Monday, April 8, 2013


Coming to the northeast. From Smithsonian Magazine:
It’s been 17 years since the cicadas of Brood II swarmed the northeastern United States. A mass of winged creatures, red eyes glowing, the cicadas “are expected to emerge and overwhelm a large swath of land from Virginia to Connecticut — climbing up trees, flying in swarms and blanketing grassy areas so they crunch underfoot,” says WNYC.
Across the United States, different broods of cicadas emerge after long withdrawls underground, some on 13-year cycles, some, like Brood II, on 17-year cycles.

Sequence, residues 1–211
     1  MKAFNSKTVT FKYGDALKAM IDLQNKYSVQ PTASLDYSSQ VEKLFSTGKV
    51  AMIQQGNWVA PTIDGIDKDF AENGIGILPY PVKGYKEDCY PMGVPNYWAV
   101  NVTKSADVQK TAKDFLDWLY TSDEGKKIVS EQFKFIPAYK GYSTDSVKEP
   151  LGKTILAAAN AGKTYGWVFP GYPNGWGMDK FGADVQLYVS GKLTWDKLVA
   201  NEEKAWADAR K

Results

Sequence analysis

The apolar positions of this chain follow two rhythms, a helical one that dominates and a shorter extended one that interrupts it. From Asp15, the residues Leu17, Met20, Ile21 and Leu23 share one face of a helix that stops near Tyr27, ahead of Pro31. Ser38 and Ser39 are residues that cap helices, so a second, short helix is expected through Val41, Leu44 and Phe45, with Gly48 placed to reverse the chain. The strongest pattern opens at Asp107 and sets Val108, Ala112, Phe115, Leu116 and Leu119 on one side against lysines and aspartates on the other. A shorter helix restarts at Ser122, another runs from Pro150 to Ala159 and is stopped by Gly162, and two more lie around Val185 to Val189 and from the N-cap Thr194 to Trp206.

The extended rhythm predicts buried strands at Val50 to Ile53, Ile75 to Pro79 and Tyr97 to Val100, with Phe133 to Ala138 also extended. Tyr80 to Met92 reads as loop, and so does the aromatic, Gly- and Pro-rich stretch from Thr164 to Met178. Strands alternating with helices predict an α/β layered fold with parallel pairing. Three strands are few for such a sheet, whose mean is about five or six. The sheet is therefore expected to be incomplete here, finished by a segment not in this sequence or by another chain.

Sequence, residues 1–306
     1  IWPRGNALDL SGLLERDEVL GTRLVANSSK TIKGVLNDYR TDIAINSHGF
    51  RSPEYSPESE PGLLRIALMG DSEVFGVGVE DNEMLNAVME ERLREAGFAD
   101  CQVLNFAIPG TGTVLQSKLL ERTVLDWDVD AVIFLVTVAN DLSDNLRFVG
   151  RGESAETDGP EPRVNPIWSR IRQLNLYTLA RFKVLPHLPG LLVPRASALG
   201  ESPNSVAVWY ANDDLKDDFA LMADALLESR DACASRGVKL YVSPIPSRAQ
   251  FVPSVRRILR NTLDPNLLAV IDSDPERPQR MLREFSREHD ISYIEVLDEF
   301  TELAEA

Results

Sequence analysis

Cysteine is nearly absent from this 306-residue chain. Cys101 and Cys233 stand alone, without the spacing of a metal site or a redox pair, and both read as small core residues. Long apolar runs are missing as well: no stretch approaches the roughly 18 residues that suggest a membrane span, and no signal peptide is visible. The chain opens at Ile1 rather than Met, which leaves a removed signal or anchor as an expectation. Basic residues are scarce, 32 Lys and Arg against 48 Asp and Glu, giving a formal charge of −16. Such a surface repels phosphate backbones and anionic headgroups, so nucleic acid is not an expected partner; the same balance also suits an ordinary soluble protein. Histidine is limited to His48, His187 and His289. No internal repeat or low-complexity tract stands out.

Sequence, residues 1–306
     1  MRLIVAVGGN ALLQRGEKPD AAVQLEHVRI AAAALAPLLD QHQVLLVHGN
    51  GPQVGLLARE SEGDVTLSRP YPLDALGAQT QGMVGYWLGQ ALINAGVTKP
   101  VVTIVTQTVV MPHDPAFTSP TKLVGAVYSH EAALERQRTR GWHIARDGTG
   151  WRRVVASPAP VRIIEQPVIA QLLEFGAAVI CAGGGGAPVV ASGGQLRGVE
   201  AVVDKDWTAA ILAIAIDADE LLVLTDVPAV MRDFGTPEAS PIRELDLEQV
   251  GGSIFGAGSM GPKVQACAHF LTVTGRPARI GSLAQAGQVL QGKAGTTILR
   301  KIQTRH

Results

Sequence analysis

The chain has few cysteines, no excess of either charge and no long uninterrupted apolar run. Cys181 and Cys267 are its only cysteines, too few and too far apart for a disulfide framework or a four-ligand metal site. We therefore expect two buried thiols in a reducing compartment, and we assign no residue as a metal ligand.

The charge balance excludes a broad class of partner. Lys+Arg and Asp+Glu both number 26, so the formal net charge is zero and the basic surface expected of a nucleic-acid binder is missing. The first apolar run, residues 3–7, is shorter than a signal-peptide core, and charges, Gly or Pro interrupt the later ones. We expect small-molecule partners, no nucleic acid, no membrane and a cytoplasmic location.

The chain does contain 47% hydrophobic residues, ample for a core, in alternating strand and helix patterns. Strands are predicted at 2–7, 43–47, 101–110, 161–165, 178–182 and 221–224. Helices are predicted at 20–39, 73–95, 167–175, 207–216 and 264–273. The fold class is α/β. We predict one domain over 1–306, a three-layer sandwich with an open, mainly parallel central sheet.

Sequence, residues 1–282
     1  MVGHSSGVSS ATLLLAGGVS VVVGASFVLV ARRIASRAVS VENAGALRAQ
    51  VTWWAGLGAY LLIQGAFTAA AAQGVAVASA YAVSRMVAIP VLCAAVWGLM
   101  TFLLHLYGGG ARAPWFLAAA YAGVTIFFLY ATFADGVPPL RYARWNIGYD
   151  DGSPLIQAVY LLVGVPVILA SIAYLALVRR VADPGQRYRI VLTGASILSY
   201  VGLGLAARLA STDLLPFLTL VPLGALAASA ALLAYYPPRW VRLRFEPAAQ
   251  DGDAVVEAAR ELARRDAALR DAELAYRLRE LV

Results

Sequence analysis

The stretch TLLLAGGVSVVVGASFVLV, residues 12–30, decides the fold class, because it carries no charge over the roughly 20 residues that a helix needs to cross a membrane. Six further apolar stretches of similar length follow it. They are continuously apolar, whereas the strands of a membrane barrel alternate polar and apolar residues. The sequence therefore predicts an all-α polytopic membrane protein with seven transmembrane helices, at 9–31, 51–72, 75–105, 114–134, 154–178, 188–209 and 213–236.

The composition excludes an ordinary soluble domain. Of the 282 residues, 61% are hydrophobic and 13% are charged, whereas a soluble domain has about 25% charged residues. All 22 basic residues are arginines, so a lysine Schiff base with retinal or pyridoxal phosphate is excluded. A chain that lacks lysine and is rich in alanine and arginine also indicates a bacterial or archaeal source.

Cicadas live in the ground, near trees. They feed off the roots of trees. And they only come out for a few weeks, during which time they will molt and then mate. The females will lay eggs that hatch and the nymphs will then burrow underground to start a new 17-year-cycle, while the adult cicadas die.
The cicadas come in such great numbers, and the noises they make so loud (like the sound of a water bottle being squeezed, but sped up and multiplied by a great number, says WNYC) that people often find themselves afraid of the foreign insect frenzy. Never fear, though, as cicadas are harmless to people: “they can’t bite you or sting you or hurt you in any way.” (Read entire post.)

No comments: